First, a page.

Abuse in Health and Social Care

Topics: Abuse, Child abuse, Bullying Pages: 5 (1486 words) Published: July 3, 2011
1.1 What is abuse?
Abuse is the infringement of an individual's human and civil rights by another individual or persons. The following is the definition of abuse in The Protection for Persons in Care Act (PPCA). In this statement, "abuse" is defined as mistreatment, whether physical, sexual, mental, emotional, and financial or a combination of any of them, that is reasonably likely to cause death or that causes or is reasonably likely to cause serious physical or psychological harm to a person, or significant loss to the person's property.

Abuse of a person often includes behavior that is abusive in one or more of the categories outlined on the following pages. In particular, the majority of people who are experiencing abuse of any kind will also be experiencing psychological abuse.

General indicators of an abusive relationship often include the misuse of power by one person over another and are most likely to be found in situations where one person has power over another. For example, where one person is dependent on another for their physical care or due to power relationships in society (such as, between a professional worker and a service user, a man and a woman or a person of the dominant race/culture and a person of an ethnic minority).

Abuse may consist of a single act or repeated acts. It may be physical, verbal or psychological, it may be an act of neglect or an omission to act or it may occur when a vulnerable person is persuaded to enter into a financial or sexual transaction to which he or she had not consented or cannot consent. Abuse can occur in any relationship and may result in significant harm to or exploitation of the person subjected to it.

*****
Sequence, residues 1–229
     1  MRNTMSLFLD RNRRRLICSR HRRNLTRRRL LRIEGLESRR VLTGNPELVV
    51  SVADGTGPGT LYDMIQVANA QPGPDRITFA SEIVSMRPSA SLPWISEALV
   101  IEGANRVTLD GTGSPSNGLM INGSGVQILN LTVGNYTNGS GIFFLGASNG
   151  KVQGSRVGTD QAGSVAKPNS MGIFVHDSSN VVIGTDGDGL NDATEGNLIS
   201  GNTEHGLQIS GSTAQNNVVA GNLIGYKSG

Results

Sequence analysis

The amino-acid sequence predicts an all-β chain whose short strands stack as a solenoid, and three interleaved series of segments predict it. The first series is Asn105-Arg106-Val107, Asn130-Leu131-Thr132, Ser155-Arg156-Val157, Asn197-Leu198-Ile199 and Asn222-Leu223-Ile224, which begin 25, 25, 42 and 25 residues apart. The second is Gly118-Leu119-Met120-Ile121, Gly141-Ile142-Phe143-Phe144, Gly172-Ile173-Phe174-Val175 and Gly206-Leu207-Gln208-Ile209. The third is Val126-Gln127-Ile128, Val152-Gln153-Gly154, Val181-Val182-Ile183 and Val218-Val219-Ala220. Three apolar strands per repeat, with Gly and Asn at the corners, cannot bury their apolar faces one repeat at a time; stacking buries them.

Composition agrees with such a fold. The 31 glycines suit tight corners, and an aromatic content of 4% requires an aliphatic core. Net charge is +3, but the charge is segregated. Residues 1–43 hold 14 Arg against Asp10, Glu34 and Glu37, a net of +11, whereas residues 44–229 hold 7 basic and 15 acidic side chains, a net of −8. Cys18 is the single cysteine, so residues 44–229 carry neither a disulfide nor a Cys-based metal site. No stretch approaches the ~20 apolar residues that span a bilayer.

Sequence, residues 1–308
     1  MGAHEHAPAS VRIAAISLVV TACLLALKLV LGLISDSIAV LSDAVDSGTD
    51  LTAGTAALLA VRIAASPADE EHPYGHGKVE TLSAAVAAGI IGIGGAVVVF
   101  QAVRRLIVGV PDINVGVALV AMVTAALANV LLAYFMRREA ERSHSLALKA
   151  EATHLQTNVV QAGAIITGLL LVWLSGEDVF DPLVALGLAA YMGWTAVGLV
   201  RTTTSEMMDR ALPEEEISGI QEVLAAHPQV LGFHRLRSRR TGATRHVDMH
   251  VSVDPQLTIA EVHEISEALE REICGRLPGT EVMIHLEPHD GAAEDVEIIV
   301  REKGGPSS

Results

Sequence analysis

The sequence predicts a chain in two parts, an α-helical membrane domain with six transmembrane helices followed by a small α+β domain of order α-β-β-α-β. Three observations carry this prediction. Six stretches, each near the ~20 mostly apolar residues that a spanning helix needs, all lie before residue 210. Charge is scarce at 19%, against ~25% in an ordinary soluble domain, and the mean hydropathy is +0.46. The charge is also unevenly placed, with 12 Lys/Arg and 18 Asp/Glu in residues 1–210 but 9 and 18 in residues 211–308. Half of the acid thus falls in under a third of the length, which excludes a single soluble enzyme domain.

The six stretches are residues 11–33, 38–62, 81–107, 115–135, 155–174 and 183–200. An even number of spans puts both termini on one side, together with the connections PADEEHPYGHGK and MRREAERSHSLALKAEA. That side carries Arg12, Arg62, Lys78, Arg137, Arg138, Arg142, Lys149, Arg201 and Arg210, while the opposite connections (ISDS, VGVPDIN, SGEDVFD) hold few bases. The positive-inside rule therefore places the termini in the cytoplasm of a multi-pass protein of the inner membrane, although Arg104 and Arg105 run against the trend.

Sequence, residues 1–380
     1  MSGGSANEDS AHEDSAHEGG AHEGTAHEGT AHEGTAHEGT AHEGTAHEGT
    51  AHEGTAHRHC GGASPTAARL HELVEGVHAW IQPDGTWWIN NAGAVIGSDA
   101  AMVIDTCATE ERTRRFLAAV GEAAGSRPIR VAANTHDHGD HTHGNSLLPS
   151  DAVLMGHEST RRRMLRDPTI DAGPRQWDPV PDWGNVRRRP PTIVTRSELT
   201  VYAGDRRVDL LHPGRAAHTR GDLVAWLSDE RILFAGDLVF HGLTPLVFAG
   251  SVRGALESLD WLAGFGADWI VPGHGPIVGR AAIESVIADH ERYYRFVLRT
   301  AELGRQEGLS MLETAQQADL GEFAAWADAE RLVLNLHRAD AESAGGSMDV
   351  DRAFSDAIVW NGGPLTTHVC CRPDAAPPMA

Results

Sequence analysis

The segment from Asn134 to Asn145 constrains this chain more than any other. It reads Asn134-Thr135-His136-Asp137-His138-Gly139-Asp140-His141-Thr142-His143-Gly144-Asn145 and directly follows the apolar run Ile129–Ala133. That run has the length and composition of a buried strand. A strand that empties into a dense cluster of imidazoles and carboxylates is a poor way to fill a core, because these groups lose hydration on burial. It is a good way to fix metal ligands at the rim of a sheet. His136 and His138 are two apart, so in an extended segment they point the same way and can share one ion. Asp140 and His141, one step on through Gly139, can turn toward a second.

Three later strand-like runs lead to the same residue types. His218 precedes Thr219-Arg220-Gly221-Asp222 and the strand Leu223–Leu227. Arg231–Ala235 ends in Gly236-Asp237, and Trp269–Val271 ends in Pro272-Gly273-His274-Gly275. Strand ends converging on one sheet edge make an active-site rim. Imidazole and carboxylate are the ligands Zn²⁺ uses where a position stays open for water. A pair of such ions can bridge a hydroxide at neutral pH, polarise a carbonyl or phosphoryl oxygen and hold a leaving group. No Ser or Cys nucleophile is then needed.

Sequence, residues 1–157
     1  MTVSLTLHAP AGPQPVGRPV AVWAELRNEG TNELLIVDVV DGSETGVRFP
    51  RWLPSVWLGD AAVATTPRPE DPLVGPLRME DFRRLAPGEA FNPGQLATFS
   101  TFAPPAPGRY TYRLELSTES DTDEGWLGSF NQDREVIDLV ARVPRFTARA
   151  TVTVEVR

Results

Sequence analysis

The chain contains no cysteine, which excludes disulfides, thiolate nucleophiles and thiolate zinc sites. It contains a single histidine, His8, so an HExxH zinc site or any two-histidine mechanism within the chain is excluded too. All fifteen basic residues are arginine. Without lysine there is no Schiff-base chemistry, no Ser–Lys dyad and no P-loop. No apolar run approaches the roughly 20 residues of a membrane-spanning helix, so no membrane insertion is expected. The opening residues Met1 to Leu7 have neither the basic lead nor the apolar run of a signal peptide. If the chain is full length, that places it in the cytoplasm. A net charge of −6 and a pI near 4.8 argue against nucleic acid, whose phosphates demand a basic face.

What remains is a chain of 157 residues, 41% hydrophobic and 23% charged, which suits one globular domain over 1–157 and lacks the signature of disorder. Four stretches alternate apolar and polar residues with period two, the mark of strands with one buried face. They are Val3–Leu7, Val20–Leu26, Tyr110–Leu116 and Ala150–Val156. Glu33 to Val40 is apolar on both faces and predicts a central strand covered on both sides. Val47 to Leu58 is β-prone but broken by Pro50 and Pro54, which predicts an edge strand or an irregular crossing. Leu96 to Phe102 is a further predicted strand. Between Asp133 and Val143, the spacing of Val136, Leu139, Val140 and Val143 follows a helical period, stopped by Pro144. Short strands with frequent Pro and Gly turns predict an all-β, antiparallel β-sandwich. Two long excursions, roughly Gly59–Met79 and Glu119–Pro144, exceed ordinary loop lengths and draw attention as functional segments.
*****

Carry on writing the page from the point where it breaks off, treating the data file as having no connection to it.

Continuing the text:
It is essential to be alert to signals or non-verbal communication or challenging behavior, and to be aware this could indicate unacceptable practice that is being deliberately hidden or denied.

1.1.1 Types of abuse
There are different forms of abuse and these are described below: •Physical abuse
Physical abuse is non-accidental pain or injury inflicted on a service user by a health or care worker. This can include hitting, shaking, rough treatment or inappropriate use of restraint. The health and social care professions do not permit any physical contact that is not necessary for administering a treatment, or for which the service user has not given their consent.

Sexual abuse
Sexual abuse usually refers to any sexual activity that is unwanted and is inflicted by physical force or other methods of coercion such as threats or intimidation. Sexual contact between workers and service users is forbidden in the health and social care environment because it could be harmful to the therapeutic value of the treatment being given and is likely to be based on the exploitation of a service user's vulnerability and the power imbalance inherent in the relationship.

Financial abuse
Financial abuse covers any way that a health or social care worker unlawfully uses his or her relationship with the service user for financial gain. This includes, but is not limited to: oCharging a fee for services that should be free of charge

oCharging for services that are not in the service user's best interest oUnnecessarily prolonging treatment for financial gain
oIncreasing agreed fees after a treatment has begun
oReceiving financial inducements for recommending other products or services to the service user oTheft from the service user (including items being 'borrowed' and not returned).

Psychological/emotional abuse
This refers to the psychological or emotional exploitation of the relationship between a health or social care worker and a service user. It is the most difficult form of abuse to define because it relies heavily on individuals' feelings and perceptions rather than on physical or tangible evidence. The following principles can be useful in identifying psychological or emotional abuse.

oIs the health or social care worker disclosing...
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